Name as it appears on the ballot: Larry D. Hudson II
Full legal name, if different:
Date of birth: July 4, 1979
Home address: 5537 Roan Mountain Pl Raleigh, NC 27613
Mailing address, if different from home:
Campaign Web site: www.electlarryhudsonmayor.com
Occupation & employer: CLP Resources / Recruiter
Home phone: 919/ 598-8019
Work phone: 919/ 571-2611
1) What do you believe are the most important issues facing Raleigh? If elected, what are your top priorities in addressing those issues?
I would like to follow through with our commitment with supplying city streets to the city of Raleigh that are more traffic friendly. Assigning completion and start dates for such projects as the bypass and extension of Falls of the Neuse Road and widening of Leesville road. I would also seek input from the Army Corp of Engineers regarding viable new sources of water. Involving our other city leaders will assure that a good plan will be in place not just for Raleigh and its citizens but for the entire Triangle. Cutting spending, the 2009 Adopted Budget that went into effect on July 1, 2009 reveals the levels to which improvements to downtown is costing the city. From the budget in 2008 to the current budget debt servicing has been increased 71% to 200 million dollars. We cannot sustain a year over year increase of our debt while managing our resources, planning for growth, and instituting transit plans. Our total budget was for 697 million dollars this year.
2) What is there in your record as a public official or other experience that demonstrates your ability to be effective on the council? This might include career or community service; but please be specific about its relevance to this office.
I work for CLP Resources as a Recruiter which has taught me many things. I know that through sound working relationships, where ideas are exchanged, is a platform for success. I have worked on many national panels through my corporation to establish best working practices and setting new initiatives. These initiatives included customer loyalty and worker retention. Through our efforts as a company we succeeded by seeing an increase in customer retention from 40% to 60%. Worker retention also increased by 40%. I have also attended Leadership Schools such as The Chancellor’s Leadership School at East Carolina University, Woodrow Wilson Leadership School, and I have also obtained the rank of Eagle Scout as a youth.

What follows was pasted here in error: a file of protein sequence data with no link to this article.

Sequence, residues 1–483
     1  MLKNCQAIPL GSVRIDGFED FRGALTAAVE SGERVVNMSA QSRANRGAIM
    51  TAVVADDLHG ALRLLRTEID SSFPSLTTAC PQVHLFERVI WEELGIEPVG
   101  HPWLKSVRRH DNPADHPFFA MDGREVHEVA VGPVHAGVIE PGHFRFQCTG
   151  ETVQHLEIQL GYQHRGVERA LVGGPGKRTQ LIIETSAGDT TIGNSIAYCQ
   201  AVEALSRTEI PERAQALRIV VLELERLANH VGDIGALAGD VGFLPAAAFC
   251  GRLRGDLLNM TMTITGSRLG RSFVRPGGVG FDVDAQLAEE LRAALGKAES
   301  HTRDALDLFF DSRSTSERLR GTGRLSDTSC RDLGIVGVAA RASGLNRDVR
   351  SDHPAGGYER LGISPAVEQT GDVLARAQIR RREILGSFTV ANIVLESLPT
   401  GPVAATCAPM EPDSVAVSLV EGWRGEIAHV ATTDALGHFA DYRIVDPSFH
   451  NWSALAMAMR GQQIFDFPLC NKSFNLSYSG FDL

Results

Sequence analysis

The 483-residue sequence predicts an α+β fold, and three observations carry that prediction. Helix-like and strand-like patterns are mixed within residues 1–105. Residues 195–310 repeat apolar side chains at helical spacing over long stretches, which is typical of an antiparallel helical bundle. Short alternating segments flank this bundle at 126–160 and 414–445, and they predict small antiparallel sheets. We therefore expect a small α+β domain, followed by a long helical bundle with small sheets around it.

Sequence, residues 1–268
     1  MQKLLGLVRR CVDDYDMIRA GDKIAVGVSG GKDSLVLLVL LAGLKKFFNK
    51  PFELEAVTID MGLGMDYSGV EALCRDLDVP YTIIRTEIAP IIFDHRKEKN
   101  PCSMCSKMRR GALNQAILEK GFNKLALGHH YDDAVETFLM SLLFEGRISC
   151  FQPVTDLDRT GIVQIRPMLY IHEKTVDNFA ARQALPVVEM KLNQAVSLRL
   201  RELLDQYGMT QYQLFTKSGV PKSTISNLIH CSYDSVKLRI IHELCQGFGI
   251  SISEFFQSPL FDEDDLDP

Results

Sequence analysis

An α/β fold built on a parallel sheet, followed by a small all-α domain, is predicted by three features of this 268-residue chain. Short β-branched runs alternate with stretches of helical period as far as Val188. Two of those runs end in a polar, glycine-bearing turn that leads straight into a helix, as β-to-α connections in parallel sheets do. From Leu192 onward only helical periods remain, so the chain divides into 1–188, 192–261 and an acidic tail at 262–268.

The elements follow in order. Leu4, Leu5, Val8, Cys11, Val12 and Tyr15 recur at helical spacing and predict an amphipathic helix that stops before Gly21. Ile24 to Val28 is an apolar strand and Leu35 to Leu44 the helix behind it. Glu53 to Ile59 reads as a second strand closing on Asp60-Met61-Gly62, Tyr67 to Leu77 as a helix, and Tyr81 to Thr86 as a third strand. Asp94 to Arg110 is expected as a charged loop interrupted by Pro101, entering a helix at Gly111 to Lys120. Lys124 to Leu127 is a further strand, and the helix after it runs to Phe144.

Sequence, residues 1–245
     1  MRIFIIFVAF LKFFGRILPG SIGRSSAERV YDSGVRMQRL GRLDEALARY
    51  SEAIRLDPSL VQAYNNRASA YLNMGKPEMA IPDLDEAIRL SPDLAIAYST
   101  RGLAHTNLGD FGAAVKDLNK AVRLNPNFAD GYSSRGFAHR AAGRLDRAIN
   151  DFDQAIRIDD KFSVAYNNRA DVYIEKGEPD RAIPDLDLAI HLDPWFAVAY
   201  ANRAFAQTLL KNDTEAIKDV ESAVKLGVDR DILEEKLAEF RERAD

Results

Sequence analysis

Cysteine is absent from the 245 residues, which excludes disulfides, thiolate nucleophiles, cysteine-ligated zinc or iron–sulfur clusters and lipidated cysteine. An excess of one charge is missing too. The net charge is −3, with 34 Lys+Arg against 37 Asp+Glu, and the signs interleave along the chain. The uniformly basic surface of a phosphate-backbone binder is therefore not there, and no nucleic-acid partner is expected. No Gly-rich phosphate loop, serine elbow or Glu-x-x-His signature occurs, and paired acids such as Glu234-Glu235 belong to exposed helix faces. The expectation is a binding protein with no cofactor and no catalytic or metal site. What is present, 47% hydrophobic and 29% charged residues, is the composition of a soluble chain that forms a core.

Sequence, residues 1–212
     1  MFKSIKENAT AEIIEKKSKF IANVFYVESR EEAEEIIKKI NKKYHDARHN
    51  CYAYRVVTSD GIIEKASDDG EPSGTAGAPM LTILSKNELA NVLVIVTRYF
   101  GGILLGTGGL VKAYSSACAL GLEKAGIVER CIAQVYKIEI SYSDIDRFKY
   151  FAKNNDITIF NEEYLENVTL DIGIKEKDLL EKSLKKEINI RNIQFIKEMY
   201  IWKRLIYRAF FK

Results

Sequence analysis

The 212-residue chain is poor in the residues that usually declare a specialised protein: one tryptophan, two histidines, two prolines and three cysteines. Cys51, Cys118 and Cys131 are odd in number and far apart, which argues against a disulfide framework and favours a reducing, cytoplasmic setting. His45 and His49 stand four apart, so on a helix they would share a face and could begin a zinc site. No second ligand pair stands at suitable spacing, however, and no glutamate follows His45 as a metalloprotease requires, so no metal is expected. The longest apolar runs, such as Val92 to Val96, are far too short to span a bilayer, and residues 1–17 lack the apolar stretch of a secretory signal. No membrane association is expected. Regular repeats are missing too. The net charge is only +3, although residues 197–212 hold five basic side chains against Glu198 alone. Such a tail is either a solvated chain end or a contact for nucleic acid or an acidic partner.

3) How do you define yourself politically and how does your political philosophy show itself in your past achievements and present campaign platform?
I am an activist, who is always eager to see things through to the end. This has helped me to achieve my Eagle Scout rank and has gotten me noticed with in my company. I was nominated by CLP in 2008 as the Recruiter of the year. I know that as I continue with this campaign my fellow citizens will see a youthful candidate that is willing to set agenda’s and see them through to their full and final completion.
4) Identify a principled stand you might be willing to take if elected that you suspect might cost you some popularity points with voters.
Debt, I will not tolerate a mounting spending policy that sees only one portion of Raleigh obtaining funds for improvements while expecting all of us to pay the price. I would like to see less capital improvement projects being financed through bonds and increases in taxes. We as citizens should be rewarded for living in Raleigh, by lower taxes and properly funded amenities.
5) What is the two or three most important program or policy initiatives you will champion if elected to the Raleigh Council? Or, to put it another way, how will your election change anything in Raleigh?
I will institute a change in how we deal with our city streets and roads. The 2009 city budget decreased the amount we are willing to spend on servicing damaged and cracked road surfaces. We will have safe streets for our automobiles. I will pay down our debt and put more money into savings. The City’s most recent budget seen increases in debt servicing by 72% over the previous year. The 2008 Budget seen a 52% increase over the 2007 budget in debt servicing. We currently spend nearly 271 million dollars on our debt alone.